10 Things Bloggers Need To Know About GDPR

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GDPR – the General Data Protection Regulations – is worrying many business owners at the moment. It’s a fundamental change to how we store, manage and process personal data relating to prospects, customers, clients and staff.

Businesses with blogs are particularly affected because of the global nature of the people we interact with. Yes, GDPR is a European regulation, but it affects your business if you deal with European citizens. And if you blog, that’s likely to mean it affects you.

Let’s look at GDPR for bloggers. If your business has a blog, this article will help you work out where to start focusing your efforts. I’ll look at 10 things bloggers need to know about GDPR.

But first, let’s go back to basics.

You should know that I’m not a lawyer and this article does not in any way constitute legal advice or business advice. I’m just someone who has done a lot of research about GDPR. I am happy to recommend Suzanne Dibble’s GDPR Documentation Pack which I use in my own business (more on this at the bottom of the article). Always take advice from your legal team.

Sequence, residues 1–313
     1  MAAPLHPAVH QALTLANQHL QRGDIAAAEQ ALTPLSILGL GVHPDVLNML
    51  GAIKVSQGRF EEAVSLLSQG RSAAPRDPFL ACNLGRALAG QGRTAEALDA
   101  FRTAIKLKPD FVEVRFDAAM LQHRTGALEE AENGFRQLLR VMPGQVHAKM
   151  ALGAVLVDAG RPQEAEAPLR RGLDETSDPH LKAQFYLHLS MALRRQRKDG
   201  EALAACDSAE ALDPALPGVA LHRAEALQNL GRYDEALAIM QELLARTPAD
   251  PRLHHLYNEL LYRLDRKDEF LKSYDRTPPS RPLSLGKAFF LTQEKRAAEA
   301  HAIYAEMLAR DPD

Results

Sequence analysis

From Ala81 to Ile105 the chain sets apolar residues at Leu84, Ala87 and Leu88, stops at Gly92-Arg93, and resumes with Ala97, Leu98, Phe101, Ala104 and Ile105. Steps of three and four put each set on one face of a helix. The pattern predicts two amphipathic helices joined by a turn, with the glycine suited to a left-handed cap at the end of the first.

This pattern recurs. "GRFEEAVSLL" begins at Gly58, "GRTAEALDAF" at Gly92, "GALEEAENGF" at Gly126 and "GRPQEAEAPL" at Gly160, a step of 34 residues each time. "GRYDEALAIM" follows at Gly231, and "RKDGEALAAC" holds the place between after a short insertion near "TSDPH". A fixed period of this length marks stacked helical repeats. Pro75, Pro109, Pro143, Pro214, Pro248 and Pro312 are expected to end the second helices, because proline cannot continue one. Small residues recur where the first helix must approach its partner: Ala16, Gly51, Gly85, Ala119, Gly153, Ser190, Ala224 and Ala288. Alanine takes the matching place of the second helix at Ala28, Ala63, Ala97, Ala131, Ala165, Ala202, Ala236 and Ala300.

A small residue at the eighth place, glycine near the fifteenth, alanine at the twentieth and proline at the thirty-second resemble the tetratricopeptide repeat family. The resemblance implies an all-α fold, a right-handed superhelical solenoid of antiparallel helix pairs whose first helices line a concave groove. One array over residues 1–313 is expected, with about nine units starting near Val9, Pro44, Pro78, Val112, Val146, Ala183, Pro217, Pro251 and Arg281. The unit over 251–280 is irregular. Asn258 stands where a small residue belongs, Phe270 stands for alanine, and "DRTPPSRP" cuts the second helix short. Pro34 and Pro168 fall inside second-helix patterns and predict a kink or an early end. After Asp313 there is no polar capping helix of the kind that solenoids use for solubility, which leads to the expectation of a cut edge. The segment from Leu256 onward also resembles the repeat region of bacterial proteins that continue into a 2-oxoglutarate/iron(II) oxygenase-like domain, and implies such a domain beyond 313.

What is GDPR?

You may have already heard about GDPR. The regulations come into force on 25 May 2018 across Europe. The Information Commissioner’s Office (ICO) in the UK is currently running campaigns to raise awareness of the changes. It’s doing a lot to business owners comply and the ICO guidance is helpful.

Your organisation’s legal experts may already be working on what GDPR means for you, but have you truly considered how it affects your blog? If you use your blog as a source of new leads, and to build your email list, then you need to be aware of the changes and how you can continue to operate successfully within the law. Because the fines are huge! While it seems unlikely that small businesses will be hit with the largest fines, you should know that under the law it’s possible to receive fines of up to €20m or 4% of global turnover.

GDPR applies to personal data.

What is Personal Data?

The ICO defines personal data as:

“Any information relating to an identifiable person who can be directly or indirectly identified in particular by reference to an identifier.”

That definitely covers things that bloggers are likely to have on file such as:

  • Name, for addressing emails
  • Address, for posting out products or because EU VATMOSS rules require you to know where a person is based
  • Email address. Doh. For emailing.
  • Data of birth, in case you do promotions based on birthdays